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Degradation of Polymers

Degradation of Polymers

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Degradation of Polymers

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  1. Degradation of Polymers Long Lor Chem 4101 Fall 2010 December 13, 2010

  2. Polymers • Polymers are large macromolecules containing two end groups and longs chains of repeat units. • They are often derived from petroleum • Billions of kgs of polymers are produced annually. In the 1990, production close to 150kg of polymer per person in US • Degradation of polymers is done by use of UV light, Ozone cracking, hydrolysis, and heat.

  3. Analyte • Styrene is derived from petroleum, performing alkylation of ethylene and benzene • Production of polystyrene in the US and Canada is approximately 2.2 billion kgs • The molecular weight, mw, of PS will depend on the original purpose • Avg. mw range: 103 -106 g/mol • Repeat unit: 104.15g/mol

  4. Experimental • Problem: The world relies heavily on fossil fuels. Polymers, in certain conditions, will depolymerize back into monomer. Could we use this process to get enough monomer to perform another polymerization. • Hypothesis: Detection of polymer degradation back into monomer is quantifiable using proton NMR or IR.

  5. Relevance of Problem The energy crisis over recent years has become more evident, its clear that we humans have relied on consuming fossil fuels for everything. There have been recent developments in other areas, such as solar technology, but that is still a ways away. The use of petroleum based materials in polymers is something that this analytical problem hopes to address. Upon detecting the depolymerization of polymer back to monomer, there will less consumption of fossil fuel.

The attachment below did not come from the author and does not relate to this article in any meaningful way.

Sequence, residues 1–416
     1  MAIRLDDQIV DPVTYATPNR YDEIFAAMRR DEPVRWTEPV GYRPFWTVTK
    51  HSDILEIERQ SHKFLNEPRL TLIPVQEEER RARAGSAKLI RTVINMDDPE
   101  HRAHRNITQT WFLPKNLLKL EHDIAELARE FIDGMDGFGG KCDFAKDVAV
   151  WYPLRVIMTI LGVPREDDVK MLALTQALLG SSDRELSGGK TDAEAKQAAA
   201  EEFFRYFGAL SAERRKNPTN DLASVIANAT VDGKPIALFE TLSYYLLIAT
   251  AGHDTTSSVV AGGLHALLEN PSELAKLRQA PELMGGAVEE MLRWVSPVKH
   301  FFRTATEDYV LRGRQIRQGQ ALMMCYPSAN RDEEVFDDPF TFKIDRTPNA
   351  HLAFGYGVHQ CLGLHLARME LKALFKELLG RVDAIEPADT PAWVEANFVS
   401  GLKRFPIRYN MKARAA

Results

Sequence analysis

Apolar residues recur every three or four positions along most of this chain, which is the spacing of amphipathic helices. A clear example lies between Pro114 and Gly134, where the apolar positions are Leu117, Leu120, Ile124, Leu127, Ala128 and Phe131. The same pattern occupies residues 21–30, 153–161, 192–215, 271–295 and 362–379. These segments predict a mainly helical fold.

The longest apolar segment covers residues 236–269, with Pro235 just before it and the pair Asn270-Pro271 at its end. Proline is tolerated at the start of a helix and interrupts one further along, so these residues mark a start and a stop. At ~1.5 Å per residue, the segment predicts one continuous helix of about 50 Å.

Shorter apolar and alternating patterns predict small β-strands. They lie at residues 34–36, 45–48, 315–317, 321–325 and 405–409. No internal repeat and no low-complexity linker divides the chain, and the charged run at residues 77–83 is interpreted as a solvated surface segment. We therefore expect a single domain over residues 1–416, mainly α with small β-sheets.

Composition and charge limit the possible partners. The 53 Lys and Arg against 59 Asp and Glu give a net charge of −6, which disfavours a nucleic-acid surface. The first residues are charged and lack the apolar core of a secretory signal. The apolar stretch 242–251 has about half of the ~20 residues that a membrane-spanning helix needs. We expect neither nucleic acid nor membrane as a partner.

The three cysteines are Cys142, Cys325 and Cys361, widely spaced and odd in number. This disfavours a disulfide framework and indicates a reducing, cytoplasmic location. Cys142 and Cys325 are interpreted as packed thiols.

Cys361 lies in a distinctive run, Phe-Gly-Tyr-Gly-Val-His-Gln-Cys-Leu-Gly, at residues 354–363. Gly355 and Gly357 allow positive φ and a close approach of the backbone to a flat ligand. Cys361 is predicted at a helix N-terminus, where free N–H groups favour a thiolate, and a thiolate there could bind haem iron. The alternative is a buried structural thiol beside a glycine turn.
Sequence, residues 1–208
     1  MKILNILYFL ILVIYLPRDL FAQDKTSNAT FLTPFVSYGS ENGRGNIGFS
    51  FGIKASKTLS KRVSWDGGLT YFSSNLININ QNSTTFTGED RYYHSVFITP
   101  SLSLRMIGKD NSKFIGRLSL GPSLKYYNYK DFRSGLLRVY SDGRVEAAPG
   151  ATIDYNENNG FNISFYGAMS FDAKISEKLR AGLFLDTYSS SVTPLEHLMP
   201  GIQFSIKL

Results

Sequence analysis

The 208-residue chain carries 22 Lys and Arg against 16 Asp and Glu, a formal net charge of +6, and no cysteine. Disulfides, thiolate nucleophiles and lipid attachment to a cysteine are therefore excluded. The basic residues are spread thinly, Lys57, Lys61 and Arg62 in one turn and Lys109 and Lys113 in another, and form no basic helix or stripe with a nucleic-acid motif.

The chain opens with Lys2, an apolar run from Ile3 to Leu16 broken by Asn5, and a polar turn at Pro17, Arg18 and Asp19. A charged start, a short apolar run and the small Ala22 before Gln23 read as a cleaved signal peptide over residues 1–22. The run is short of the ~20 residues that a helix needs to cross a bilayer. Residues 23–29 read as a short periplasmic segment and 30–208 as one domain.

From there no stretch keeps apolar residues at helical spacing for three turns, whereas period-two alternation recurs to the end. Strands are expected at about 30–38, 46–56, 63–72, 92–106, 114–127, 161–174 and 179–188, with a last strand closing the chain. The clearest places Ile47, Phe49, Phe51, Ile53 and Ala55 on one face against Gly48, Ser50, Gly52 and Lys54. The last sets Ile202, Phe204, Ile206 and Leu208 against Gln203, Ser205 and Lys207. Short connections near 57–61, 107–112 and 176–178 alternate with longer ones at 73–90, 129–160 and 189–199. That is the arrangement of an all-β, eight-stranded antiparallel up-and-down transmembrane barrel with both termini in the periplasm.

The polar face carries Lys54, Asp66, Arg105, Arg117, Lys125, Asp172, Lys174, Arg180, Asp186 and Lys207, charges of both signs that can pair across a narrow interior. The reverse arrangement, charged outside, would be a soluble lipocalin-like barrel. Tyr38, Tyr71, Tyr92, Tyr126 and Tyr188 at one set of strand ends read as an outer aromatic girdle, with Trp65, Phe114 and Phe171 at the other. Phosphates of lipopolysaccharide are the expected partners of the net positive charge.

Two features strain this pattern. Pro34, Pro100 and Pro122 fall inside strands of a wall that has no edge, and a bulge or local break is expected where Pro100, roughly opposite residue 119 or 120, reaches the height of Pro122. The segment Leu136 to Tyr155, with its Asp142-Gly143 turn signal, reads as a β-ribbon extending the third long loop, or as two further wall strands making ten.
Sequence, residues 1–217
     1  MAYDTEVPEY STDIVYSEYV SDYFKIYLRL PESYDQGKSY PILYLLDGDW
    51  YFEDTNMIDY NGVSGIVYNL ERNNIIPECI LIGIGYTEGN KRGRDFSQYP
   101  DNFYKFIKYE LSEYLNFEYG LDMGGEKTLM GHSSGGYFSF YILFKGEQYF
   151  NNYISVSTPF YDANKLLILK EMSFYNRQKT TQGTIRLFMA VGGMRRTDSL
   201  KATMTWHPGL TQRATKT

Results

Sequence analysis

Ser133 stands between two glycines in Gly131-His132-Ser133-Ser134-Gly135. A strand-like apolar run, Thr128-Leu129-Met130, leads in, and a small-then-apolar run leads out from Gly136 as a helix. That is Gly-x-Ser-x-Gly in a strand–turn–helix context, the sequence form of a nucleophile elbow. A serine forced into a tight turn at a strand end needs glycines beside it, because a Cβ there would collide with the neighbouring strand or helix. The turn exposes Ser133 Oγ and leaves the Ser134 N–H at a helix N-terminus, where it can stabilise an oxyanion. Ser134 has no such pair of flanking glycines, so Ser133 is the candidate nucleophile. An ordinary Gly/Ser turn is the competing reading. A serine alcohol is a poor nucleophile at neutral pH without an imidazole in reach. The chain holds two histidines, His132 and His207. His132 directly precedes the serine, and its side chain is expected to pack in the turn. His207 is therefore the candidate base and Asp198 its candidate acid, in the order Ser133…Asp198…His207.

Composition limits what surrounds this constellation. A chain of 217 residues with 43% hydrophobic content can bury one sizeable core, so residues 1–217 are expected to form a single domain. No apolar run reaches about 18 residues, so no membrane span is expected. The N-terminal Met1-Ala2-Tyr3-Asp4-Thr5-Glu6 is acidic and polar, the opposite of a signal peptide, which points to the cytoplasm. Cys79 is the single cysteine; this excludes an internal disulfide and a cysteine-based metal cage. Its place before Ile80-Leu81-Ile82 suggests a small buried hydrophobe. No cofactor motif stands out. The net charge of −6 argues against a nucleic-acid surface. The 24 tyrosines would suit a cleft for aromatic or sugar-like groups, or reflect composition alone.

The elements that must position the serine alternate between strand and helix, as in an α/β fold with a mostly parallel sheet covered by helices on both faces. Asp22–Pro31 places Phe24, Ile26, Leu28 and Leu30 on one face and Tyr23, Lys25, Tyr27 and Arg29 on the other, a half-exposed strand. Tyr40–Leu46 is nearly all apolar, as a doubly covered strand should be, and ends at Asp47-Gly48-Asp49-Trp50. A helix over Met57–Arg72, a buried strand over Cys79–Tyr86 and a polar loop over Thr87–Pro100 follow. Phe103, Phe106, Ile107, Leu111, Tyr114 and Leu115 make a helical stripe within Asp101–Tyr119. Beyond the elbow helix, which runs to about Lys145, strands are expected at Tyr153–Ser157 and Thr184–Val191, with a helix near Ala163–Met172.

6. Techniques considered

  7. MALDI-TOF Advantages Disadvantages Standards are required for MALDI Limited mass range Relative Instrument cost • Can separate high mw compounds • Low sample concentration • Femto mol concentrations • Low background noise • Selective mass charge analysis • Multiple sample analysis

  8. Instrument LaserToF LT3 Plus • Laser – Pulsed UV 337nm Nitrogen • Mass accuracy – 20ppm • Mass range > 500000 Da. • Sensitivity < 1femtomol • Large dynamic and linear range • Cost around $28000-35000

  9. Sample preparation • Obtain possible degradation samples of polystrene • MALDI requires that there be a standard to compare to. • Styrene standard would be used • ProteoMass™Aldolase • (39.2 kDa) • Load samples into LaserToFand run sample

  10. Expected results An example of MS spectrum for MALDI-ToF, M.W. 2.3kDa • If the degradation of polystyrene to monomer styrene occurred, there would be two peaks that separate Gaussian peaks • Styrene at low m/z • Polystyrene at high m/z • Although not quanitative in the approach, this technique will the extent of depolymerization.

  11. Conclusion • The analysis of degradation of styrene from polystyrene using the MALDI-TOF technique, the technique will provide sufficient separate peaks representing the degradation of polystyrene. • If separation is efficient enough, further analysis of degradation can be determined qualitatively for use in obtaining monomer from recycled polymers.

  12. References • “Degradation of polymer in nature.” Health Envrionment & Regulatory Affairs (HERA), Dow Corning. Ref # 01-1112-01. 1998, accessed Nov. 2010. • Katz, David A. “Polymers” 1981, 1998. Accessed Oct 2010. • “Basics of Polystyrene Production” Chemical Engineering Tools and Information. <http://www.cheresources.com/polystyzz.shtml> • Young, Sandra. MALDI-TOF MS. http://www.psrc.usm.edu/mauritz/maldi.html • LaserToF LT3 Plus. Scientific Analysis Instruments. Accessed Dec. 2010. <http://www.saiman.co.uk/laser-tof-lt3-plus.html>